The offended child will need training. If he continually brings in a second witness who only makes matters worse, he needs to learn discernment. Who is an appropriate second witness? Will a younger sibling be too immature to help? If he is at a friend’s house, would a parent in that household be an appropriate second witness?

    Children will need help learning how to be helpful, peacemaking second witnesses. Walk them through this process. What can they do and say that will help make peace? What should they *not* do?

    Yes, this process, even when adults attempt to follow it, can lead to problems. In the church, this can break down into even greater conflicts. But isn’t that usually because of sin and immaturity — sin on the part of the offended who may be being petty or simply seeking allies rather than resolution, sinful attitudes in those who have been called to help make peace, or sinful responses from those who are confronted? This doesn’t mean that the process should be abandoned. It means people need to mature and become more like Christ.

    Children are obviously immature. They will be tempted to sin in this process. BUT, childhood is the time to teach them how to do this, while offenses are small. Then, when they are adults, they will be better equipped to follow these steps that God has clearly given in Scripture.

    Hope this helps address your concerns! 🙂 So much for writing a shorter post!

    (BTW, this is not meant to be a promotion, but simply to offer more help in this area. Doorposts caries a chart-and-book set called “The Brother-Offended Checklist.” This goes into much more detail in training children to handle offenses in a godly manner.)

  4. Step two doesn’t work if you only have 2 children who are talking age. 😉 (and they are the ones who are bickering all the time!) This is something we really need to work on at my house. (one among many)I really enjoy the helpful posts on you blog. Thank you for doing this!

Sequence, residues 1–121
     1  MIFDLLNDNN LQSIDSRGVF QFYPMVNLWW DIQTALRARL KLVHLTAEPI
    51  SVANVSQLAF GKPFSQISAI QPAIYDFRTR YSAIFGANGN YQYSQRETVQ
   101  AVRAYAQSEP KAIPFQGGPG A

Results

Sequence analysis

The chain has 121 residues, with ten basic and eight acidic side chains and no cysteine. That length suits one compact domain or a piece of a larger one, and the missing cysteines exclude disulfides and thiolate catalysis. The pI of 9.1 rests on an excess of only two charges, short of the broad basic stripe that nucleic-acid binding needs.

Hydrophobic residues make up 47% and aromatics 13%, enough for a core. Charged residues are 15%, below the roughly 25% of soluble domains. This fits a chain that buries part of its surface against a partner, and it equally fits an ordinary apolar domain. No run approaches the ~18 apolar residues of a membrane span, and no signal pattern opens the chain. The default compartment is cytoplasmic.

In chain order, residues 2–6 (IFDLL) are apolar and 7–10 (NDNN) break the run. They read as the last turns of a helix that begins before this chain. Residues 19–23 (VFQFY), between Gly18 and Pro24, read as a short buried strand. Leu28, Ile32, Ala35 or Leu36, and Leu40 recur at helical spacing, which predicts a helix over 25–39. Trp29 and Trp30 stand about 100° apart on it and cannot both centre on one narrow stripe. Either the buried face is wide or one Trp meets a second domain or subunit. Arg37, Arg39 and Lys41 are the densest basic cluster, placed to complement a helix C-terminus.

5. what do you recommend when there are only 2 children? also, what role is the church supposed to fulfill before the child goes to the parent? does the child talk to the children’s pastor? i love your ideas and i want to make sure that i understand.

  6. Your question is a good one, Amanda! If two children are in the family, you will be dealing with grievances against each other, and no other witness will be available. If that is the case, or if your children are all very young, the offended child should come to a parent if his appeals to the offender are not fruitful.

    You then have the opportunity to talk to him more before dealing with the offender. You can question the child. Does he have a “beam ” (Matthew 7:1-5) in his own eye that he needs to deal with? Has he sinned in the situation, and does he need to do his own repenting? What can he do to make peace? Is he overcoming evil with good? (Romans 12:20-21) Is he eager to see the offender disciplined? Should he be?

    After you have talked to the child, you can go with him as a “second witness” in appealing to the offender. Together you can talk to the offender about his actions. He may have a different version of the situation. As you listen to him, you will step into the judge’s role, weighing the accounts of both parties, and instructing both children about patience, honesty, repentance, and forgiveness.

    You may find that the offended child has misrepresented the situation, and needs to be instructed about telling the truth and acting as a reliable witness. If you discern that he has lied about the situation, you may need to discipline him instead of the supposed offender (see Deuteronomy 19:16-20).